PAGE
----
Spring is a time of change and a time of growth. Are you ready to create lasting change at work or in life? Then you won’t want to miss our Change Conqueror virtual workshop in April 15!
In this era of eating at home more, it got me thinking about labels. They are on all our canned goods and help us identify what’s inside the can. Black beans here. Corn there. Have you ever opened a can without a label? It can be very disappointing to get canned vegetables when you were hoping for spaghetti o’s!
Labels also are used to get us to want things. Marketers know we’re drawn to fancy labels, bright colors, and interesting names. Sometimes, nothing changes about a product except the label and it’s enough to entice us to buy that product. New and improved! 33% more! All natural!
But we don’t just give labels to products. Have you thought about the labels we give to people? Or the labels people give to us? When we’re living into our personal brand and showing up at work the way we want to be perceived, it can be positive labels. When we’re under stress, overworked, and experiencing anxiety, we might not show up as our best selves and that makes it more likely that someone else will label us negatively.
Do you know someone who is enthusiastic? When you’re excited about what they’re excited about, it’s easy to label them enthusiastic. But… when we’re tired or not interested in their topic, we start to label them as too much, over the top, just so extra. Their enthusiastic behavior doesn’t change, only our perception of it does. One label is positive, the other is negative.
Perseverance is a trait we tend to celebrate in athletic events, but far less so in a business context. Today’s workplace wants adaptable workers, those that can adjust and change quickly as new information is learned. I think we need a balance of perseverance and adaptability, but when adaptability is valued more, we have a tendency to label perseverance negatively: slow, unable to change, stubborn even.
Has anyone ever been rude to you at work? Yup, me too. Easy to label anyone that is rude as having no manners, a jerk, or worse! But maybe they are under a lot of stress or having a bad day.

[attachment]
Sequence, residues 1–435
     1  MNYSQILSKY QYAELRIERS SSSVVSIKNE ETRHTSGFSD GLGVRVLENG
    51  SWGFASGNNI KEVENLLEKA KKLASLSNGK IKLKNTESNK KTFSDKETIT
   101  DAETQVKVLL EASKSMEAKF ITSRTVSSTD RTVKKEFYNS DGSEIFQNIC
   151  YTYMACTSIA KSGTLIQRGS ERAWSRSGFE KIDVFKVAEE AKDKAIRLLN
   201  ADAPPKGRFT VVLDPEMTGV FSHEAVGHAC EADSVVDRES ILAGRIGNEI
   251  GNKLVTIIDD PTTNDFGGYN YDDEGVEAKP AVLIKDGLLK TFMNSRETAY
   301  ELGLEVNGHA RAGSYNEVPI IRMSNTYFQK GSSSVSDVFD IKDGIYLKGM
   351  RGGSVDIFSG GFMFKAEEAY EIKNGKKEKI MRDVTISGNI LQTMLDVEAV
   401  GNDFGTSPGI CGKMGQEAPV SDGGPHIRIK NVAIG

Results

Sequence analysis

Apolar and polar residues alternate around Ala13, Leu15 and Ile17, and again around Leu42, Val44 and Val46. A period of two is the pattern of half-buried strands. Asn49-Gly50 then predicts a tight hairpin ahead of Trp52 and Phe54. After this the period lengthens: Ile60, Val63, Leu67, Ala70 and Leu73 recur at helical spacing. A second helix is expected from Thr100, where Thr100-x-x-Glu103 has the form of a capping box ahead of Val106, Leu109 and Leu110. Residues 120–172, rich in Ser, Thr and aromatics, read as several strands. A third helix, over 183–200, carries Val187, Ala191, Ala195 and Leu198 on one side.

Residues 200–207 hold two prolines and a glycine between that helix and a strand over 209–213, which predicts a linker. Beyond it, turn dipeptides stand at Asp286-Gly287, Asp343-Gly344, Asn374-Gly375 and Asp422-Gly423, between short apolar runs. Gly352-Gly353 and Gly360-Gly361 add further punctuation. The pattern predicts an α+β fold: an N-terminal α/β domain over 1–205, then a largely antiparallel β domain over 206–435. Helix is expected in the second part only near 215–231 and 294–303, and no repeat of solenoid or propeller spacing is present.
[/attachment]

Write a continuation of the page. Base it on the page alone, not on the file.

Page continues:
We don’t limit our labeling to products and people… we do this for situations too. Think about your environment if you’re lucky enough to be at home during a global pandemic. Are you labeling your situation as much needed family time? Or forced to cancel plans? Quiet downtime or isolation and loneliness?
The more we tell ourselves a negative label, the more we’re going to feel negative toward that person or thing.
Right now, being in confined spaces whether by ourselves or with others has the potential to bring out our negative labeling more (boring, noisy, undisciplined) and we need to work extra hard to show people compassion and use positive labels (a chance to learn something new, energetic, interested in many topics). It’ll create more harmony in your relationships and make all those things that have been annoying you far less annoying!
The more we tell someone they’re a screw up, the more likely they are to screw up. The more we call someone lazy, the less likely they are to do. The negative labels have a way of bringing out the worst in people, where the positive labels help people live into their strengths. It’s as true for our children as it is for our co-workers. If you’ve got someone that you’ve been labeling in a negative light, maybe it’s time to put a “New and Improved” sticker on your mindset and change to a more positive label! Try it for your current circumstances and see how they transform too!
#PositiveAction What label can you change from negative to positive to transform your experience today?
Image by Annalise Batista from Pixabay